By Charles B. Rubinstein
“If penicillin cures illnesses,
Sherry resuscitates the dead.”
–Sir Alexander Fleming
“I don’t get any respect,” was the oft-repeated line that the late Rodney Dangerfield used in his comedy routine. The same words could well apply to sherry.
Although sherry offers enough variety to have a place at the table on almost any occasion when wine is served, sherry remains largely undiscovered by American consumers. It could be an image problem. Most of the sherry consumed in the United States is cream sherry, which is sweet. That might explain why sherry has gotten a reputation as a wine Grandma sips before bedtime.
For the most part, sherry still remains a secret pleasure enjoyed primarily by connoisseurs, but that shouldn’t be the case. Perhaps the lack of popularity in our country can be attributed to a lack of knowledge about the wine by American consumers. That condition can be easily rectified. The basic facts are not difficult to understand.
Four factors contribute to the unique character of the wine: soil, climate, grapes and the wine-making process. Within the triangle formed by the Spanish towns of Sanlúcar de Barrameda, Jerez and Puerto de Santa Maria, the distinctly chalky soil retains moisture beneficial to the vines. There is an abundance of sun in the summer and the necessary rain in the winter and spring. Two principal grapes are used: Palomino and Pedro Ximénez. More than 90 percent of the vineyards are planted in Palomino.
The process whereby sherry is made is distinct. At harvest time the grapes are picked and may be placed in heaps to dry in the sun. Drying time depends on the weather, grape variety and type of sherry to be made. The fresh grape juice from the pressing is put into oak butts, or casks, and transported to the bodegas, or wineries. The heart of the bodegas is the solera, the system of butts from which sherry is made. Each solera consists of 130-gallon butts stacked in rows on each other.
When the wine completes its fermentation, it is tentatively classified by sight and smell as a potential fino or oloroso or undetermined. The wine is then lightly fortified to about 15.5 percent alcohol with grape brandy to fill about 80 percent of the butt’s capacity.
Confirmation of the classification comes within 18 to 24 months after the harvest. The wine destined to become a fino develops a flor, which consists of a thick scum of yeast cells on the surface that will thicken more each year and float indefinitely. A wine that is destined to be an amontillado forms a thinner flor. It dies after a year or two and falls to the bottom of the cask. Wine destined to become an oloroso does not develop a flor. Future oloroso are immediately fortified to 18 percent alcohol. Why flor develops in the casks of some wines and not in others remains a mystery.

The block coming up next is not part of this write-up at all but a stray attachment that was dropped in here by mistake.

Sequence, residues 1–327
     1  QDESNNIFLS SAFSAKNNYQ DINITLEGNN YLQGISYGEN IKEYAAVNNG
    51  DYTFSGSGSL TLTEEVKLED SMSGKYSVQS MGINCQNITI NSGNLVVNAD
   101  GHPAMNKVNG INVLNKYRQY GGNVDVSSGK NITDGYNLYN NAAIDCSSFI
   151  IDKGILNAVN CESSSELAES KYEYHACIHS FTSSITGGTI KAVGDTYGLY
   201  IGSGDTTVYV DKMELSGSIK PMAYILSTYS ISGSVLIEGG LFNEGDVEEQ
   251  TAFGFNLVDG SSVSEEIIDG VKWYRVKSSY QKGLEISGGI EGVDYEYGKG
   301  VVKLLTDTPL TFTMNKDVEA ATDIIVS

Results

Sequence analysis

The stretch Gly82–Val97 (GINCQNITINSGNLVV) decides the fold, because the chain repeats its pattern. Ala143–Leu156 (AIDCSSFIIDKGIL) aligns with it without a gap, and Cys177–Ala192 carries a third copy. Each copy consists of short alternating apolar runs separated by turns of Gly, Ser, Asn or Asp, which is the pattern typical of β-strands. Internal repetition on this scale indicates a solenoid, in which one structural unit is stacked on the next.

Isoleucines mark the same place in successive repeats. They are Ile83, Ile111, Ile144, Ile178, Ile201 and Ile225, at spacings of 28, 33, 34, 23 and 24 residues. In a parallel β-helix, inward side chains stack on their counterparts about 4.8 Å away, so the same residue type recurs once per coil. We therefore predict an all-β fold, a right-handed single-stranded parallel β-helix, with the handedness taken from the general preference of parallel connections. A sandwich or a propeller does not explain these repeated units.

After about two to three years, the new wine is added to the highest row in the solera. Each classification is kept separate. A few times a year, wine for shipping is taken from the bottom row of the solera. Not more than a third is ever drawn off in a single year. The wine is replenished by siphoning wine from the next row above, and so on progressively up the solera. By this method the newer wines are skillfully blended into the older wines. The date of the solera’s founding might appear on the sherry label, but remember that the wine is a blend of many, many vintages.
Mature sherries are of a few basic types. Fino is a pale golden wine which has a delicate almond-like aroma. Manzanilla is the palest and driest fino. It’s made in the coastal town of Sanlúcar de Barrameda where the salt air contributes to the aroma and taste. Amontillado is an amber colored wine that has a hazelnut aroma. Oloroso is a dark colored, full-bodied wine with an aroma of walnuts. Palo Cortado has little or no flor, the nose of amontillado and the flavor and color of oloroso. Cream sherries are rich olorosos that have been sweetened by the addition of Pedro Ximénez grapes. Fresh finos and manzanillas make splendid aperitifs. Amontillado add to the enjoyment of soups and cheeses. Olorosos are fine with rich meats and desserts, and cream sherries are enjoyable after a meal.
If you have questions or comments about wine write to me at The Two River Times™ or email me at email@example.com.
Pick of the Bunch
NV Lustau Light Manzanilla Papirusa Solera Reserva, Andalucia ($16)
NV Alvear Asuncion Oloroso Sherry, Montilla-Morales ($20)
NV Lustau Palo Cortado Península Sherry, Andalucia ($20)
NV Alvear Fino Sherry, Montilla-Morales ($13)
NV Osborne Fino Quinta, Andalucia ($13)
NV Bodegas el Maestro Sierra Fino Sherry, Andalucia ($20-375ml)